He gave her a wincing smile. “Neferubity, yes. She was a good little girl. A good daughter. I loved her. As I loved all my children, all of them. As I love you. Never doubt that.”
Hatshepsut looked down at the tiled floor, at her toes poking out from her gilded sandals. There was still dirt under her toenails. She had been playing in the garden, dressed as always in a boy’s kilt, when her nurse had rushed her inside and dressed her up like a girl to visit the king. She had known by Sitre-In’s crimped face and fast, ungentle hands that the visit would not be a good one. But she hadn’t expected this. Tears fell from her eyes to darken the tiles near her toes. She did not wipe her eyes, though. She was holding onto the Pharaoh’s hand with both of her own.
“I will never doubt it, Father. I swear it.”
“Gods have mercy.” His voice was a pale breath.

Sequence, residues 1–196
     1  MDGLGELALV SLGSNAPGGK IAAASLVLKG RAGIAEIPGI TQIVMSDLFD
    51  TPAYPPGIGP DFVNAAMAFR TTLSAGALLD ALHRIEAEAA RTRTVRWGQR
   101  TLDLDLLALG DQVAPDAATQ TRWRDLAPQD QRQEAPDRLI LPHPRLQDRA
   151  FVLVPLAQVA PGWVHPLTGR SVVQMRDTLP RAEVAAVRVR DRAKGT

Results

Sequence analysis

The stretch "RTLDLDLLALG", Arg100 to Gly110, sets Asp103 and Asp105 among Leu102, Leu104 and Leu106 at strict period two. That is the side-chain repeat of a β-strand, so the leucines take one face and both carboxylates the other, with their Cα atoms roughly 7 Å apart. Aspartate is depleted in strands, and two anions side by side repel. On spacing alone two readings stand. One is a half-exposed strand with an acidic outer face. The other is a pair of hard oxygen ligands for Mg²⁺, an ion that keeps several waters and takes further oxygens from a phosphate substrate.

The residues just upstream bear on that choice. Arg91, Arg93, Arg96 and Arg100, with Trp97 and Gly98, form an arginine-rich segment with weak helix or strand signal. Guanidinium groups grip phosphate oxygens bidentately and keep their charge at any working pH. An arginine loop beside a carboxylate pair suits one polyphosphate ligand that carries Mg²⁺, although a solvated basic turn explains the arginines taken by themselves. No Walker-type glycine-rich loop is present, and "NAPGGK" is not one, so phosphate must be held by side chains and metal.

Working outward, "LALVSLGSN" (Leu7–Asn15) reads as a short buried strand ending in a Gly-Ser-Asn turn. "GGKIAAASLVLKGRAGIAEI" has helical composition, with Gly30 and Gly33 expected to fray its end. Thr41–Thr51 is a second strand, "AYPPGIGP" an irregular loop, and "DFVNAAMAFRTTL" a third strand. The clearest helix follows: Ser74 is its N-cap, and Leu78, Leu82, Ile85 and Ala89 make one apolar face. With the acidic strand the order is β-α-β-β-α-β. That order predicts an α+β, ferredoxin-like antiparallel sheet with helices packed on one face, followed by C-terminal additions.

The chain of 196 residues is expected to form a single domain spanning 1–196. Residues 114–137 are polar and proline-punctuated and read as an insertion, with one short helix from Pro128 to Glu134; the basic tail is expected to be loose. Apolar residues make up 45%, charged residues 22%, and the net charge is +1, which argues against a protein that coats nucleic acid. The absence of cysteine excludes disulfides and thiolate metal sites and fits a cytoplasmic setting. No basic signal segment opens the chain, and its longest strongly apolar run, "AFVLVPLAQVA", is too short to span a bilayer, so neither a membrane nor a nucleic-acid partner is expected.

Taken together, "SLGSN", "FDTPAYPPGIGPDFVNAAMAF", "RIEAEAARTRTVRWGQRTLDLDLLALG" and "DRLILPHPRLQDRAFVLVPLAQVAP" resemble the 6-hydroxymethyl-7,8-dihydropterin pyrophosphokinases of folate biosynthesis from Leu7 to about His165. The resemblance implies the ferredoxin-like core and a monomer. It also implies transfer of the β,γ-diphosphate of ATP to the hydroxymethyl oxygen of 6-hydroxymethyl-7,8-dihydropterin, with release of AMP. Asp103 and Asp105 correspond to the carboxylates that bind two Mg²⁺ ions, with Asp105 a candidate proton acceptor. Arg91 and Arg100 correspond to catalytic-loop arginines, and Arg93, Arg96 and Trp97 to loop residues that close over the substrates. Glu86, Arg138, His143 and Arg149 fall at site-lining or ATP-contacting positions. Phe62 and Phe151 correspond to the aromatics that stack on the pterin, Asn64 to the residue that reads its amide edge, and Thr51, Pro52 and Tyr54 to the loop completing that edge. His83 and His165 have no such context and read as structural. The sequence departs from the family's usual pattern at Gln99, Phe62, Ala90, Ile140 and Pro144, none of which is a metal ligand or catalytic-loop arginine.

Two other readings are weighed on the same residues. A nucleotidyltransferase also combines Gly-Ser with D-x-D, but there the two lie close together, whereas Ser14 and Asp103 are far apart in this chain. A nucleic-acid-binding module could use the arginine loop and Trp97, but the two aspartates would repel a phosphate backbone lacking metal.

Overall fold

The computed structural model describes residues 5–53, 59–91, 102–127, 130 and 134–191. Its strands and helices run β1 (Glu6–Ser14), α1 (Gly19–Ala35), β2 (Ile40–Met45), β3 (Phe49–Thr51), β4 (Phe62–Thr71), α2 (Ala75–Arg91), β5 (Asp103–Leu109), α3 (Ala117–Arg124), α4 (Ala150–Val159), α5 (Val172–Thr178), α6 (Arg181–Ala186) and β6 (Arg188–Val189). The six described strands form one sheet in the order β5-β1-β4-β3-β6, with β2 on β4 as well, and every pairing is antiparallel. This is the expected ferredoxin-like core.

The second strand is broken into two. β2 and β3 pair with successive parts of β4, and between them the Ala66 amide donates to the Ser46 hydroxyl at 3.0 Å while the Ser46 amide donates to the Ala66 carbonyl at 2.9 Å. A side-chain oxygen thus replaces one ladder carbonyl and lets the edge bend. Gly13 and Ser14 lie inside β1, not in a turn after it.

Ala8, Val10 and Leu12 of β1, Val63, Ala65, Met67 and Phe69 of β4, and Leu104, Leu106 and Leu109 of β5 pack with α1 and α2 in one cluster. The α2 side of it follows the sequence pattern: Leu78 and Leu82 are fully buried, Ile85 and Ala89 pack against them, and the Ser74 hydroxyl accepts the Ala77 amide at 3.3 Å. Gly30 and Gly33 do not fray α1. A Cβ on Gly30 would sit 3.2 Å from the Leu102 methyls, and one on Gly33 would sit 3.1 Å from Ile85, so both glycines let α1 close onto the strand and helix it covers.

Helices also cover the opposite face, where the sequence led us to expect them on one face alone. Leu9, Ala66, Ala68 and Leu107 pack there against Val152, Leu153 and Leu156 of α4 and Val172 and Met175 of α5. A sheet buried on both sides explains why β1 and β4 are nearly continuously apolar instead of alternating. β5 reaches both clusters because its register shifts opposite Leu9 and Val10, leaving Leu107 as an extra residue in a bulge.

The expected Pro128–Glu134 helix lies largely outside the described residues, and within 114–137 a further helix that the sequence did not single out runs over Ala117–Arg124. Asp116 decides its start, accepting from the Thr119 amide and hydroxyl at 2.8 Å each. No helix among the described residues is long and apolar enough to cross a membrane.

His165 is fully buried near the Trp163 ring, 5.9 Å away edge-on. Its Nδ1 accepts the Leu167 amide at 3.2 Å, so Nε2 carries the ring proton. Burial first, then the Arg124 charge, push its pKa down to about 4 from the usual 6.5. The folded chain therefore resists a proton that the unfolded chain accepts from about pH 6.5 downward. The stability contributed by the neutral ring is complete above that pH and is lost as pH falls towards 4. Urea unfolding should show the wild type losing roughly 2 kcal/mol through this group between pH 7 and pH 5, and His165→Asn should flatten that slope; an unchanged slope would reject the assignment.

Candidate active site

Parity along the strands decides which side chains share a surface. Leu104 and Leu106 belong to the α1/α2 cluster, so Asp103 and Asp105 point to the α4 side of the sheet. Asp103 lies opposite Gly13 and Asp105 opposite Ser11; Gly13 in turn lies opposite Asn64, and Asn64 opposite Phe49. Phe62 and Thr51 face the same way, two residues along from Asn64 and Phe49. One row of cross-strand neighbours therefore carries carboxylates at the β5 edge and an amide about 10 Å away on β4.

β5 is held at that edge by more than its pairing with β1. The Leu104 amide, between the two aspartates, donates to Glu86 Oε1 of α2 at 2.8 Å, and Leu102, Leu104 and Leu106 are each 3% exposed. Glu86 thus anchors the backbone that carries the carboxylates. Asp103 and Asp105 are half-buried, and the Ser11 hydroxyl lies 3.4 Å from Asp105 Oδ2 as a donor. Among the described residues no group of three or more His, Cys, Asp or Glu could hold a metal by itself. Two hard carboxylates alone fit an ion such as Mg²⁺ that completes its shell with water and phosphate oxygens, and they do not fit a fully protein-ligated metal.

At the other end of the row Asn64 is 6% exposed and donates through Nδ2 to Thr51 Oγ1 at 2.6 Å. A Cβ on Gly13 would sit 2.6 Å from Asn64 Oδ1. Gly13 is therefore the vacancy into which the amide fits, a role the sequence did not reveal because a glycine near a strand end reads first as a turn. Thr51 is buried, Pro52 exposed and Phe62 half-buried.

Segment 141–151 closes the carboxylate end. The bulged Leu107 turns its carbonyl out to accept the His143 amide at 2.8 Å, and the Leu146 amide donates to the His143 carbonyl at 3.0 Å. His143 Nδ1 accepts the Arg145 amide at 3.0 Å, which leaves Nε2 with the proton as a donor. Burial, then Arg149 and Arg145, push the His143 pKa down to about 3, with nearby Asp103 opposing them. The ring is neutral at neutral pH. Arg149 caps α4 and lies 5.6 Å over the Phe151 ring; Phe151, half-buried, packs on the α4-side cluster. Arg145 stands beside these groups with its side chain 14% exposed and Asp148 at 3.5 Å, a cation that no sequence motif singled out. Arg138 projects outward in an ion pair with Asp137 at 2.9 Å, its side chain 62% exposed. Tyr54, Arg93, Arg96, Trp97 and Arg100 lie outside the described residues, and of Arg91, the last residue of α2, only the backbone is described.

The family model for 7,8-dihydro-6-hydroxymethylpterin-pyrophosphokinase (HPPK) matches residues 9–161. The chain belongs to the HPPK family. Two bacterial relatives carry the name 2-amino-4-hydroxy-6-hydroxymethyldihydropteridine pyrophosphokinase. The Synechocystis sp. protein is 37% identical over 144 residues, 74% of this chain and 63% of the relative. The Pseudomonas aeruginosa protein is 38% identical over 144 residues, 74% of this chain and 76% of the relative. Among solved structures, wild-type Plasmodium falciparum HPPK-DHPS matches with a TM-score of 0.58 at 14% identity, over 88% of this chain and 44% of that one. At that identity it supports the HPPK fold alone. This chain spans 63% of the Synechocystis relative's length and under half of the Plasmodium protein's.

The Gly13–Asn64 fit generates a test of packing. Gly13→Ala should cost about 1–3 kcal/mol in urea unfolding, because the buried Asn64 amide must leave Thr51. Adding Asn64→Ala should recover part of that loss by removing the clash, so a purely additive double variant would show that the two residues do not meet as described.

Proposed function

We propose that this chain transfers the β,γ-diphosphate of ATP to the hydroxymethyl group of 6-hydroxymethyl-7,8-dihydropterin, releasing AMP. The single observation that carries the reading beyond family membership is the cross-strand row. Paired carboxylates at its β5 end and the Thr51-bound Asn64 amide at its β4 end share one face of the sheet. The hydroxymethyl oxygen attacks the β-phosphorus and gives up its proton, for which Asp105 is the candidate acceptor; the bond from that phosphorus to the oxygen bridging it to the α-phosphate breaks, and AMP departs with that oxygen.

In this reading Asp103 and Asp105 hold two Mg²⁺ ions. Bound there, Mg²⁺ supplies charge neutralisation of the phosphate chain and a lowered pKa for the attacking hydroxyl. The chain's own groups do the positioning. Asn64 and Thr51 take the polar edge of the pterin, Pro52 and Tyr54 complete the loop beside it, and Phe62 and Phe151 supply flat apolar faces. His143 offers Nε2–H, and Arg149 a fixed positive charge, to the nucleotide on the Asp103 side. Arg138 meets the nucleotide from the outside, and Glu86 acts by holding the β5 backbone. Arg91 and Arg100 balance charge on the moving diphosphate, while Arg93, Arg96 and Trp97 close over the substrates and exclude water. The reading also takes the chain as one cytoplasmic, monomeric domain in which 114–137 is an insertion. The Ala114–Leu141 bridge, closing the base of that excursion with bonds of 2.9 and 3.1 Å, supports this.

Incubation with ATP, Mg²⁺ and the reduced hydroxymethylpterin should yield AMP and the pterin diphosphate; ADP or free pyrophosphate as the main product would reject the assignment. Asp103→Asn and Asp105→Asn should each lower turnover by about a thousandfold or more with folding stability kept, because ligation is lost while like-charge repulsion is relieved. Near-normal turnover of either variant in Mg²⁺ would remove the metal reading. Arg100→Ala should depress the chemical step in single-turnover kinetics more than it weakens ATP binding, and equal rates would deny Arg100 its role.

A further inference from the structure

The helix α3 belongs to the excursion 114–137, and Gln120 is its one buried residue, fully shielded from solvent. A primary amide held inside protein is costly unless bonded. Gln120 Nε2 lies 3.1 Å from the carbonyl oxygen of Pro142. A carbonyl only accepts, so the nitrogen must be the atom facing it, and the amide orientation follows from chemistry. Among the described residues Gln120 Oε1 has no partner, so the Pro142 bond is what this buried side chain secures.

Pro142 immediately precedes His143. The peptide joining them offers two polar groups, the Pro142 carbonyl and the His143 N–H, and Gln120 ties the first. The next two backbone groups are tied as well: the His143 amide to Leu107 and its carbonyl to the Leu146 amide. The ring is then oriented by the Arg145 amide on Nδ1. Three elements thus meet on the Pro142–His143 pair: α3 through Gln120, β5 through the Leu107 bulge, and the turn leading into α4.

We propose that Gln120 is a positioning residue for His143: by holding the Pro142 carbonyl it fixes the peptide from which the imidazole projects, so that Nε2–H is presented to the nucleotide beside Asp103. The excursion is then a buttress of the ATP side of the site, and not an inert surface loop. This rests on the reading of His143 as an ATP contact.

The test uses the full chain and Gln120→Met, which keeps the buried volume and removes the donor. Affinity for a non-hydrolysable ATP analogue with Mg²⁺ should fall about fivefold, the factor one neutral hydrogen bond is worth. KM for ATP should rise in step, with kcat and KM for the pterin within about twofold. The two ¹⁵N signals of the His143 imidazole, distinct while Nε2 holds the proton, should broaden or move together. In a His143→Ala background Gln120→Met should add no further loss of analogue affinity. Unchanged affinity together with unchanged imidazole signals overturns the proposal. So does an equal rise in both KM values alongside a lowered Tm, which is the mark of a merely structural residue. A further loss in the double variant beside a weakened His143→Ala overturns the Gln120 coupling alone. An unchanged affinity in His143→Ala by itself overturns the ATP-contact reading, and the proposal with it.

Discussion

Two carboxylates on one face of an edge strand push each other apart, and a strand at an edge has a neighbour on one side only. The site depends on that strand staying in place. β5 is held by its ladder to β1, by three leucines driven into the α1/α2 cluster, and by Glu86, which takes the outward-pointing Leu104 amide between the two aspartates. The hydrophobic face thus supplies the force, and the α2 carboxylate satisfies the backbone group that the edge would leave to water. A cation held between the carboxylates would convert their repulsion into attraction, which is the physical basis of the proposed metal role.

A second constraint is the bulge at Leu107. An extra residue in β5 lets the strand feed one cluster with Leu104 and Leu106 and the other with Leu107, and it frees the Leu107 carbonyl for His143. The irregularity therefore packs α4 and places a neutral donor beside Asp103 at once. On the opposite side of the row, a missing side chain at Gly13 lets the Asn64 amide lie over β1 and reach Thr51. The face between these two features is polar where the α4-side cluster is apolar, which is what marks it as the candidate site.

“You were a good king,” she said to him. “Anubis will find your heart light. You were an obedient king. You always did what the gods told you.”
Had she said something wrong? Queen Ahmose had visibly shifted, tensed; the Pharaoh’s hand tightened with a sudden, desperate strength.
“Annu,” Thutmose whispered. “Annu. Gods forgive me. Hati, forgive me.”
And his hand loosened in her grip, went slack. The fingers curled like a dry leaf. All at once there was a stillness to the king so complete that even a young girl could not mistake it. It was the same stillness that had fallen over Neferubity when Anubis had come to claim her.
Hatshepsut did not let go of the king’s hand. “There is nothing to forgive,” she said, too late.